No, Alan Moore Isn't a Recluse [Publishers Weekly] “Speaking in intimidatingly long and thoughtful sentences, Moore is affable, relaxed, and eager to talk about his new novel, Jerusalem [Amazon], to be published in September by Norton’s Liveright imprint in the U.S. and Knockabout in the U.K. It’s a 600,000-word opus that has been lurking, Cthulhu-like, behind his last decade of work. Remixing the most-reader-challenging tricks of writers such as James Joyce, Roland Barthes, and Mark Z. Danielewski, Jerusalem is an astonishing collection of words and ideas that weaves a hypnotic spell.” [Previously] [Previously] [more inside]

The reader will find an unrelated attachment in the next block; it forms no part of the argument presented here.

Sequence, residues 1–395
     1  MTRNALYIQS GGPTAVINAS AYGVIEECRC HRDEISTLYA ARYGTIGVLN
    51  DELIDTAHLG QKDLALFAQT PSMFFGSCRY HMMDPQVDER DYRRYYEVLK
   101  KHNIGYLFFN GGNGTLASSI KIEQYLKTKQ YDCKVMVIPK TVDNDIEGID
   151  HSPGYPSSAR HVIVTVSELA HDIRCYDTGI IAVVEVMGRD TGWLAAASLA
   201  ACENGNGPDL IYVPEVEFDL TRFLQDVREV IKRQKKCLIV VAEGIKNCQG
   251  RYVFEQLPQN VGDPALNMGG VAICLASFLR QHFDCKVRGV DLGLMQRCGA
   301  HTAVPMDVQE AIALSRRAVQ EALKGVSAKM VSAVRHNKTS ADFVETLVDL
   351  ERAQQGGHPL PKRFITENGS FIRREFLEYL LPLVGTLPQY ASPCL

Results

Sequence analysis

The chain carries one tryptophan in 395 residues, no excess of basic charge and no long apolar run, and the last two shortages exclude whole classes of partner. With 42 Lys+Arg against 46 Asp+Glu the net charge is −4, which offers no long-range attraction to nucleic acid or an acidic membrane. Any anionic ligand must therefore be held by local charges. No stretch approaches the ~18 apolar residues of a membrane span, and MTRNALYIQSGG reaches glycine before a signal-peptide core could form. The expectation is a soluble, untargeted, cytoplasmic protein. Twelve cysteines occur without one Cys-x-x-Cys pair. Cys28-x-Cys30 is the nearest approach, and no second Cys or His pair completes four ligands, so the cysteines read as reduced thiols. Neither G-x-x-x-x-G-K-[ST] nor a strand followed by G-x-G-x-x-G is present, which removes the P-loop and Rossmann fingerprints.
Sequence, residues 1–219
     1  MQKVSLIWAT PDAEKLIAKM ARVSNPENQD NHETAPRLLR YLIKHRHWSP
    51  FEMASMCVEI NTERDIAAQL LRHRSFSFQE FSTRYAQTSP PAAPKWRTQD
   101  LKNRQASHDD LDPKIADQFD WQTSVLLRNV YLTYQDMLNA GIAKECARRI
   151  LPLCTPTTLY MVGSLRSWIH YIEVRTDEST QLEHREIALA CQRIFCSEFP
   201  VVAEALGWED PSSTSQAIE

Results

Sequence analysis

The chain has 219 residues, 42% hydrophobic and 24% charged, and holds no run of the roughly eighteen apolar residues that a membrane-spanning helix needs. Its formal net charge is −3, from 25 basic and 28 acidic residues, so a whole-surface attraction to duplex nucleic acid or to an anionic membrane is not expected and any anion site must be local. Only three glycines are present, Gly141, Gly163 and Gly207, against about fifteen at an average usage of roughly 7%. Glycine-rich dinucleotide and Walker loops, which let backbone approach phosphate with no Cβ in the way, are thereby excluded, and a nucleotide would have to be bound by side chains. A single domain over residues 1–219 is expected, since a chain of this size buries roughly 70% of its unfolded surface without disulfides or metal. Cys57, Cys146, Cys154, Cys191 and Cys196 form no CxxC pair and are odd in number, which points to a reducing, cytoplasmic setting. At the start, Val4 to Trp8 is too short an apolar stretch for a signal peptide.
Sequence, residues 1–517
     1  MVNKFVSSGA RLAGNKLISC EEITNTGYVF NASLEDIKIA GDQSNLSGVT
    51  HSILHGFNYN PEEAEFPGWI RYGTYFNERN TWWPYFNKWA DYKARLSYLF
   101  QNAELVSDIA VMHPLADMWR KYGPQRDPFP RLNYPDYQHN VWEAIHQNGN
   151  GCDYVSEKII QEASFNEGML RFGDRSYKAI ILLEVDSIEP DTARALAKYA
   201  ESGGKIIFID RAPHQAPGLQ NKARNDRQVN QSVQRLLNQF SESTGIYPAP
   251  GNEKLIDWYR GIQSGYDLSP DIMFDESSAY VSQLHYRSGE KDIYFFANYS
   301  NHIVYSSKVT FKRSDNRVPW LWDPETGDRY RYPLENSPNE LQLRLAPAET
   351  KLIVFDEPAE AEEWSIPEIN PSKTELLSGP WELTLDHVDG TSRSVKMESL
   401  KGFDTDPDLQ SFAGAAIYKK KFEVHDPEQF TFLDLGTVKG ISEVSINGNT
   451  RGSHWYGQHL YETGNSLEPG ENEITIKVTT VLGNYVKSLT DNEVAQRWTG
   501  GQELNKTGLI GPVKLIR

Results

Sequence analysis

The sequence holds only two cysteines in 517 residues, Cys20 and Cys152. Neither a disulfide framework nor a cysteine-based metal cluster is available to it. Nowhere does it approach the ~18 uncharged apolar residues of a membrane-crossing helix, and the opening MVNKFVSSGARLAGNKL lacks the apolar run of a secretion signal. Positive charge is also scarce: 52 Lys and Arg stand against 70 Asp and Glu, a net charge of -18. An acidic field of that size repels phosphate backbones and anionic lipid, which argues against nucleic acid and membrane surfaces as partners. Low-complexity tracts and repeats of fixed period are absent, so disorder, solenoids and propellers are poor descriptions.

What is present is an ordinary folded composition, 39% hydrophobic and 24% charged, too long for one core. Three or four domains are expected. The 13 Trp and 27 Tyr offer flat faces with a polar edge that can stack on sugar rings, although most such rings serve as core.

The Tesseract Charles H. Hinton, eccentric, bigamist, son-in-law of George Boole (yes that Boole) coined the word Tesseract and claimed that we could all visualize the fourth dimension. He wrote several books and claimed to have created a set of cubes that, used properly, would allow anyone to visualize hyperspace. His ideas were all the rage. Salvador Dali was inspired by him. Robert Heinlein wrote a classic short story about a house built as an unfolded tesseract. Madeleine L'Engle wrote a classic children's story. With the advent of Einstein and his claim that "Time was the fourth dimension", the higher spatial dimensions were forgotten. (Until recently that is) And Hinton was forgotten. Or was he? And what happened to the cubes? Rudy Rucker, a huge fan of Hinton,fails to reprint the instructions. Rumours are that, if you build them and use them, they will drive you insane.